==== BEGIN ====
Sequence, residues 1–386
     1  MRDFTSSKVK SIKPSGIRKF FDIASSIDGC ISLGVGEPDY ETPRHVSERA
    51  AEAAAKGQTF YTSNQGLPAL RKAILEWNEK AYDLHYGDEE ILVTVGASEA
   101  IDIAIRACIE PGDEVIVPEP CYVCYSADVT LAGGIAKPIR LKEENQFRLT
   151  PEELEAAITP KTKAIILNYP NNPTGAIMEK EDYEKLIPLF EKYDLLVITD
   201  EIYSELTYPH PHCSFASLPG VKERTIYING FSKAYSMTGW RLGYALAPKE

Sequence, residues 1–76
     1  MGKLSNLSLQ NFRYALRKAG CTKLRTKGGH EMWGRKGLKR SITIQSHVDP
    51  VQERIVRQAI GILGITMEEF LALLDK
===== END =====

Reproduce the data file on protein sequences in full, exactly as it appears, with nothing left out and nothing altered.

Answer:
Sequence, residues 1–386
     1  MRDFTSSKVK SIKPSGIRKF FDIASSIDGC ISLGVGEPDY ETPRHVSERA
    51  AEAAAKGQTF YTSNQGLPAL RKAILEWNEK AYDLHYGDEE ILVTVGASEA
   101  IDIAIRACIE PGDEVIVPEP CYVCYSADVT LAGGIAKPIR LKEENQFRLT
   151  PEELEAAITP KTKAIILNYP NNPTGAIMEK EDYEKLIPLF EKYDLLVITD
   201  EIYSELTYPH PHCSFASLPG VKERTIYING FSKAYSMTGW RLGYALAPKE

Sequence, residues 1–76
     1  MGKLSNLSLQ NFRYALRKAG CTKLRTKGGH EMWGRKGLKR SITIQSHVDP
    51  VQERIVRQAI GILGITMEEF LALLDK